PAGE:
‘Forms of Deceit’ at the Counihan Gallery in Brunswick is a group exhibition of emerging artists curated by Dunja Rmandic and Edwina Bartlem. The exhibition catalogue asks a lot of questions and the invite asks more questions, unfortunately the questions are unconnected. “The exhibition asks: Why is it that in the presence of visual art we ultimately resort to language? Can images and language be trusted? And can artists themselves be trusted?”
After many years of study of philosophy I know that there are great complexities in the morality of lying, in semeiotics and interpreting images. Perhaps all I know is that blundering into this territory without a guide is not going to be productive. The exhibition, ‘Forms of Deceit’ does nothing to clarify but through its collection of art further confuses the issues. It appears that many contemporary artists and curators would greatly benefit in study of sociology, anthropology, philosophy and semeiotics.
Individually the art is good but taken as a whole the exhibition is just confused.
I particularly enjoyed Joseph Griffiths following in the footsteps of Gavin Turk with his fine graphite drawings of himself in various guises; it is more playful than deceitful. Maria Stolnik’s untitled printed veils with illusionary smiles create uncanny images, but as she is exhibiting both the illusion and photographs of the illusion it is only the printed illusion of deceit. And Mutsumi Nozaki’s sound installation ‘A Role Reversal’ used the very familiar illusion of surround sound.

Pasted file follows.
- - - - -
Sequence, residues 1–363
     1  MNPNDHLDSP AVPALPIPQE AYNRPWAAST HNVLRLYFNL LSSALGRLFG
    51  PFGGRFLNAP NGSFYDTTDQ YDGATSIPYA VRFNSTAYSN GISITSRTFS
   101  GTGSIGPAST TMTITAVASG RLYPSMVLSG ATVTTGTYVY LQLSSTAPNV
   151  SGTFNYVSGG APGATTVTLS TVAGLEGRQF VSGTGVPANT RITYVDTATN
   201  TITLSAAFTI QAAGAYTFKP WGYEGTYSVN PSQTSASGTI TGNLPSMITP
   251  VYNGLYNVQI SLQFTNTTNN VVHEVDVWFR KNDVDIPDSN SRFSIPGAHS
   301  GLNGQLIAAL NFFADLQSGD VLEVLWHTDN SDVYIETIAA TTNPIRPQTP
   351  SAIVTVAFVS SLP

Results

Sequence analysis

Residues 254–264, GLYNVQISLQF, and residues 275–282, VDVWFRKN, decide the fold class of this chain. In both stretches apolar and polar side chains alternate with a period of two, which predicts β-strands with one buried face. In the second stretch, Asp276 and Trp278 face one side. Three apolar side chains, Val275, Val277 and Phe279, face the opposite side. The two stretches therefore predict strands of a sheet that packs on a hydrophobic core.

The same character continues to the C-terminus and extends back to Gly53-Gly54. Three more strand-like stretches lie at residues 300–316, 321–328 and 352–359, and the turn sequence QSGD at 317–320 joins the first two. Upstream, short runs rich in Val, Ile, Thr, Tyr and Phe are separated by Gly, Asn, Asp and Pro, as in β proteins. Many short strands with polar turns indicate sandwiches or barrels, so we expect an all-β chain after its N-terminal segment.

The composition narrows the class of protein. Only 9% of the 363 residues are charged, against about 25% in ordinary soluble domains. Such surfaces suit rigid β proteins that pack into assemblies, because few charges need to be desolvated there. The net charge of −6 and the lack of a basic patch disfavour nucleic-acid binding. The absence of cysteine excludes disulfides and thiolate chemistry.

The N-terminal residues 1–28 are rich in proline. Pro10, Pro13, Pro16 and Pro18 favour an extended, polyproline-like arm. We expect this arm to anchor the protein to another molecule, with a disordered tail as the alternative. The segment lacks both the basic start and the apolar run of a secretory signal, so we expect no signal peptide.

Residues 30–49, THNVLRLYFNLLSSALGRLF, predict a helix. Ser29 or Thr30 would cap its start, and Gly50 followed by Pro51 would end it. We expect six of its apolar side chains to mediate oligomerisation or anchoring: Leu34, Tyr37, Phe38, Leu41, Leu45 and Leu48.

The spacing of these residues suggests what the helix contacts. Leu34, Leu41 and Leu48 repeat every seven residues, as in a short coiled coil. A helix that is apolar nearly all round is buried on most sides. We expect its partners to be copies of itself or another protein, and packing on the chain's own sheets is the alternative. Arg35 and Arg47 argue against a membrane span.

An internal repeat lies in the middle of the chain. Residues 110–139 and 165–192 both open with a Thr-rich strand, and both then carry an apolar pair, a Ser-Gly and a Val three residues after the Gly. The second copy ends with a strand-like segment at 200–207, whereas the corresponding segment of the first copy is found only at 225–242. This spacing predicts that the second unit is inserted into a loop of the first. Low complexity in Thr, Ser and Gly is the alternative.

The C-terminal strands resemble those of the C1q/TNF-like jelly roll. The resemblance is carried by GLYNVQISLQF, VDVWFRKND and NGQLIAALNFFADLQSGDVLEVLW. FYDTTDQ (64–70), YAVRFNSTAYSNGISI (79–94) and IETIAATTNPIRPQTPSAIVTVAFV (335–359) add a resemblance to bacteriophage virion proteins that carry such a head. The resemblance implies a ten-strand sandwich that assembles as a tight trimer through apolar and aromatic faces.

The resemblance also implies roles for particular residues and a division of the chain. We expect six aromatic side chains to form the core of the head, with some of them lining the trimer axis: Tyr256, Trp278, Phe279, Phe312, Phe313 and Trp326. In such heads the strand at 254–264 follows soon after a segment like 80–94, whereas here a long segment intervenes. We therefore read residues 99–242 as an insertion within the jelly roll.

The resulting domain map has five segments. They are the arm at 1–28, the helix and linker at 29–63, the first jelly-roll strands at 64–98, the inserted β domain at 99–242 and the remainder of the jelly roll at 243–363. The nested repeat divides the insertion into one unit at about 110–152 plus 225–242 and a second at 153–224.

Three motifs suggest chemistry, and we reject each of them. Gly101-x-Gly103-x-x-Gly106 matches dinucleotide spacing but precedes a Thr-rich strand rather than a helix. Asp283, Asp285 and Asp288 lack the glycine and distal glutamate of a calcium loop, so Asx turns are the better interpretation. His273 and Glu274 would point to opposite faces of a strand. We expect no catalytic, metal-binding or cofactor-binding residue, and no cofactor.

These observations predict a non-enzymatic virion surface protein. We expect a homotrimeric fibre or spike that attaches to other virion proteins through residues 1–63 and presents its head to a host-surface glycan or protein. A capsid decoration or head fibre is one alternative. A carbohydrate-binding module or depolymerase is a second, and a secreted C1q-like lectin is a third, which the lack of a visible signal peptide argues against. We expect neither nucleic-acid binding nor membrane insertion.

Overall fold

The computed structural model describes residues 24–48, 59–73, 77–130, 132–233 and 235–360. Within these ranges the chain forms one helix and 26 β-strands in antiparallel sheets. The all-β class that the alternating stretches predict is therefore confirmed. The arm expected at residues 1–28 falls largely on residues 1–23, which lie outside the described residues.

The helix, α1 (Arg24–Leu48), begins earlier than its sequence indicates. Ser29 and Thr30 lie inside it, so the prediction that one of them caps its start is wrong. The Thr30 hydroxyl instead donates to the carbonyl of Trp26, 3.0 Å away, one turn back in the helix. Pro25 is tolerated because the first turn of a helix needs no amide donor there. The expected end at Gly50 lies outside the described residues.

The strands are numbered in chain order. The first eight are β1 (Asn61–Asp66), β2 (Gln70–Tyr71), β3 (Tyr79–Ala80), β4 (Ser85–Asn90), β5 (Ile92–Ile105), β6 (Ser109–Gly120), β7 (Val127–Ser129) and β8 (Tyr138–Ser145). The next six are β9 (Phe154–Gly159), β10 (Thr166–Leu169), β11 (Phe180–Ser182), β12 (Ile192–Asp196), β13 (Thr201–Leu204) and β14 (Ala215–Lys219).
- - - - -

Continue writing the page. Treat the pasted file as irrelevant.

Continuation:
I liked but I didn’t believe Brant Haslough’s installation: “Discover Scandinavia presents: In a Norther Light: painted light globes from Alajarvi, Finland, Curated by Brant Haslough”. This kind of false mock-exhibition has been popular for many years; the Museum of Modern Oddities is one of the most complete examples that I have seen. Haslough’s display is a fine example of artistic deceit.
Taking the exhibition in an entirely different semiotic direction was Jon Orth large word made of banana peels nailed to the wall, Kiron Robinson’s ‘This is not a sign’, Sam George’s ‘press’ and bcmp. When I was visiting the gallery bcmp (Sam George and Ace Wagstaff) were doing a demonstration (or performance, depending on your level of suspicion) of their project to create a new language. The project raised Wittgenstein’s rule following and private language considerations.
Finally Kate Hodgetts’s video ‘Birds’ and Marita Lillie’s artists book ‘With and Without Consent’ took the exhibition in other directions.